By Mike Jones
After drifting lower for most of the week, the NZD recovered some lost ground overnight. A sharp drop in risk aversion propelled NZD/USD back above 0.7500, from closer to 0.7400 this time yesterday.
All the doom and gloom about Europe’s sovereign debt woes was forgotten overnight. Instead, investors focused on the positives from a swathe of upbeat manufacturing data. Manufacturing PMIs out of China, Europe, the UK and the US all impressed.
Adding to the positive sentiment, worries about the plight of Europe’s troubled sovereign states eased amid rumours the ECB could step-up its program of sovereign bond buying. European credit spreads eased noticeably as a result, sending equity markets and commodity prices racing higher.
The EuroStoxx 50 jumped 2.7%, the S&P500 rose around 2.1% and oil prices climbed 2.8%, to US$86.50/barrel. Our risk appetite index (which has a scale of 0-100%) jumped a whopping 7 percentage points to 60.4%.
Recovering risk appetite and rising commodity prices bolstered demand for “growth-sensitive” currencies like the NZD, at the expense of “safe-haven” currencies like the USD and JPY. NZD/JPY climbed from 62.00 to above 63.00, helping drag NZD/USD back towards 0.7500.
A solid result at last night’s Fonterra auction may have also helped underpin NZD sentiment. Milk prices rose 1.6% to US$3594/tonne, despite the headwinds from rising global dairy supply and a 3% bounce in the USD since the last auction.
In the short-term, we suspect direction in the NZD/USD will continue to come from offshore, in particular how global risk appetite fares in the wake of tonight’s ECB policy announcement. Speculation is mounting the ECB may announce further measures to support sovereign debt markets. Also keep an eye out for today’s Australian retail sales and trade data (both due at 1:30pm NZT).
The USD reversed all of the previous day’s gains overnight as a rebound in risk appetite cooled demand for “safe-haven” assets.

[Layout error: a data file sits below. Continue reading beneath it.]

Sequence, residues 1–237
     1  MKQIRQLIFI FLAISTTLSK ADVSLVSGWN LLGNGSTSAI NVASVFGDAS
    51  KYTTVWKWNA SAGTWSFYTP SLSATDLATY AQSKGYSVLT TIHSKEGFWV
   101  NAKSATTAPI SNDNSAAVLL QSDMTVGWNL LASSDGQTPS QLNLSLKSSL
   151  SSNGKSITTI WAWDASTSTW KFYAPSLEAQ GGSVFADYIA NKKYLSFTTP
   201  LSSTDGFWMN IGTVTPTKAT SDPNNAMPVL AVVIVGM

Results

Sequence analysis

Widespread evidence of a pickup in global manufacturing activity has bolstered financial market sentiment over the past 24 hours. Manufacturing PMIs in China, Europe, the UK and the US all impressed. All easily held above the 50 level consistent with expansion in the manufacturing sector.
At the same time, worries about contagion from Europe’s sovereign debt crisis eased. A report in the Financial Times suggested the ECB could step up its purchases of peripheral sovereign debt following comments from ECB President Trichet to the European Parliament. Also, the head of the European Financial Stability Facility said policy makers were “serious about protecting the euro” and speculation of a break-up was plain “wrong”.
European sovereign credit spreads fell sharply. The spread 10-year German bond yields and yields on Portuguese, Spanish and Irish sovereign bonds fell 35bps, 33bps and 52bps respectively.
The more positive global growth sentiment was also reflected in strong gains in equity markets and commodity prices. European stock indices jumped 1.6-4.4%, the S&P500 surged 2.1% and the CRB index (a broad index of commodity prices) rose around 2%.
Renewed risk appetite (the VIX index fell 3% to 20.50%) prompted investors to trim positions in “safe-haven” currencies like the USD and JPY, most notably against the EUR. From below 109, EUR/JPY soared nearly 1.8% to 110.50, and EUR/USD jumped from 1.3000 to around 1.3150. Most of the major currencies were dragged higher in the EUR’s wake.
Still, the extent of the USD’s losses was limited somewhat by a batch of solid-looking US data. The ISM manufacturing index held at a healthy 56.6 in November (56.5 expected), the November ADP survey revealed an above-expectations 93k jobs gain, and October construction spending defied expectations of a fall (0.7% vs. -0.3% expected). The stronger data, combined with reduced demand for “safe-haven” assets saw 10-year US Treasury yields climb around 12bps to 2.92%.
Looking ahead, investors’ attention now turns tonight’s ECB policy announcement for further confirmation the ECB is prepared to take action to address the malaise in sovereign debt markets. The release of Eurozone PPIs and (revised) Q3 GDP will further focus attention on Europe.
* Mike Jones is part of the BNZ research team.